Korean

나 태어나 이 강산에 의경이 되어
꽃 피고 눈 내리기 어언 이십육개월
무엇을 배웠느냐 무엇을 하였느냐
데모막다 돌맞아서 병가가면 그만이지
아, 다시 못 올 흘러간 내 청춘
방석복에 실려간 좆같은 군대생활

Phonetic (romanized using Revised Romanization)

Na tae-eo-na i gang-san-e ui-gyeong-i doe-eo
Kkot pi-go nun nae-ri-gi eo-eon i-sib-ryuk-gae-wol
Mu-eos-eul bae-won-neu-nya mu-eos-eul ha-yeon-neu-nya
De-mo-mak-da dol-ma-ja-seo byeong-ga-ga-myeon geu-man-i-ji
A, da-si mot ol heul-leo-gan nae cheong-chun
Bang-seok-bo-ge sil-lyeo-gan jot-ga-teun gun-dae-saeng-hwal

Translation

I was born and became a conscripted policeman in this land
Flowers blossomed and snow has fallen for twenty-six months already
Regardless of what I learned or did
I’ll get hit by a rock in a riot and be on sick leave
Oh, my springtime of youth has already flown
This fucking military life, stretchered away in protective gear

Analysis

Once reaching adulthood, a South Korean man has to serve in the Korean military unless dealing with debilitating conditions – it is very much considered a rite of passage. In the military, the man may deal with instances of hazing on top of the military training, while the thought that his life is being wasted (especially as certain privileged people and women can spend time to have fun or better themselves instead with no drawbacks) is very much an existential crisis on its own. The Korean military police is particularly notorious for their hazing practices and perpetual danger in duty as it is often tasked with stopping violent, politically extremist riots. In such an environment started the singing of songs – defeatist songs lamenting their wasting of time and their lives.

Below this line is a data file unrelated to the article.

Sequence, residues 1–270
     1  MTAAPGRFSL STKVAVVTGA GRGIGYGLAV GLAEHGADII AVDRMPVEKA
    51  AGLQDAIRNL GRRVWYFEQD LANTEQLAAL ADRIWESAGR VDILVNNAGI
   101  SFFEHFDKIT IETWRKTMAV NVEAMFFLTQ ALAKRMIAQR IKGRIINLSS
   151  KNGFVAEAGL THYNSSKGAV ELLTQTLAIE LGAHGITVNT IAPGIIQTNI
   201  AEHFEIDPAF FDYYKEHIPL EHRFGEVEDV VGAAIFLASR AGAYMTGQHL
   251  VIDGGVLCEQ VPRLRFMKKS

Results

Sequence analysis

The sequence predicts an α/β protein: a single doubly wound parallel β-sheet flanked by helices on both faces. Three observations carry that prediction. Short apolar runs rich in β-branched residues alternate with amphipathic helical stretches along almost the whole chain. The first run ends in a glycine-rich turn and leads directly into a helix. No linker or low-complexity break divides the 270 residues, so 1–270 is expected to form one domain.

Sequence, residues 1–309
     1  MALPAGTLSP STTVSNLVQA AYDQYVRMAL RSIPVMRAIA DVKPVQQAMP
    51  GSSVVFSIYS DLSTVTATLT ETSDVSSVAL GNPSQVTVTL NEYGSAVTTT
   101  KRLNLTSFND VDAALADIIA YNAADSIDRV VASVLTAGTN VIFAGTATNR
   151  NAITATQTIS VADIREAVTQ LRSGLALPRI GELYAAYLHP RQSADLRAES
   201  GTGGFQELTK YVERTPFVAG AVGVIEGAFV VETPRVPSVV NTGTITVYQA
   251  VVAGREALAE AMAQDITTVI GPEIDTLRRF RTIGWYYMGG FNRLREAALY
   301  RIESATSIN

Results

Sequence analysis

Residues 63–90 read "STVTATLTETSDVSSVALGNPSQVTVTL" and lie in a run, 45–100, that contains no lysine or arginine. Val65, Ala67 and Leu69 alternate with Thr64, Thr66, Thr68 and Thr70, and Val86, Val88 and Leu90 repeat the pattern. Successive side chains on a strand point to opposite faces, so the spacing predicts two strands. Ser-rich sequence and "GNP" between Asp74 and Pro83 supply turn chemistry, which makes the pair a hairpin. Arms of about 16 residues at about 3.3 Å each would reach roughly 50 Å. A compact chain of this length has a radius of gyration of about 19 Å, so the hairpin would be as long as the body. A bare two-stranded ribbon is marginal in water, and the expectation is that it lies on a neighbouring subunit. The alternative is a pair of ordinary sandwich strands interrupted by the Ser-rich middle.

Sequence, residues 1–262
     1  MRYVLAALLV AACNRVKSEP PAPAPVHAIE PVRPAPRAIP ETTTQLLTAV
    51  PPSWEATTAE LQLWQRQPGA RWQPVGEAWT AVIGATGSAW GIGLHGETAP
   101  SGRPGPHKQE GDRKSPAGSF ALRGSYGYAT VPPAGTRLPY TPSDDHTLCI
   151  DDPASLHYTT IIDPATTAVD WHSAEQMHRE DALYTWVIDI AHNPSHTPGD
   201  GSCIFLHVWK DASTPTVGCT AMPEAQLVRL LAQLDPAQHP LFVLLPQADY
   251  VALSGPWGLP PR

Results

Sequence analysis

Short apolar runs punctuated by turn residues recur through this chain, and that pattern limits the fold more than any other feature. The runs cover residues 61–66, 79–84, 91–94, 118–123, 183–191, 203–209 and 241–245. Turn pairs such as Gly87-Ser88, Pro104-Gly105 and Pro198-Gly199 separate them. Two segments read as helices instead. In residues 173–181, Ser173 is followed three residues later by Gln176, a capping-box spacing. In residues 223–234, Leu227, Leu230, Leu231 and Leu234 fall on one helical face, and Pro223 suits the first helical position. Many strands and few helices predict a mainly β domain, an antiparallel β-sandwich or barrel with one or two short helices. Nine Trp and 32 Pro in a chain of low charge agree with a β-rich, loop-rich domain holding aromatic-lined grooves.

The lyrical structure and the instrumental of the song itself was taken from the Korean song “An Old Soldier’s Song” written by Kim Min-gi and performed by Yang Hee-eun. Therefore, the example provided above is a variant of this song, but the narrator has changed from an old professional soldier who sacrificed his youth for future happiness to a nihilistic youth who laments the wasting away of his ‘best days’. As a musical piece performed by a member of a folk group (with military service being the common interest), the subject highlights the flexibility of folklore in that folklore can be repurposed to suit new folk groups and practices.

A link for the original song is shown below:

[geolocation]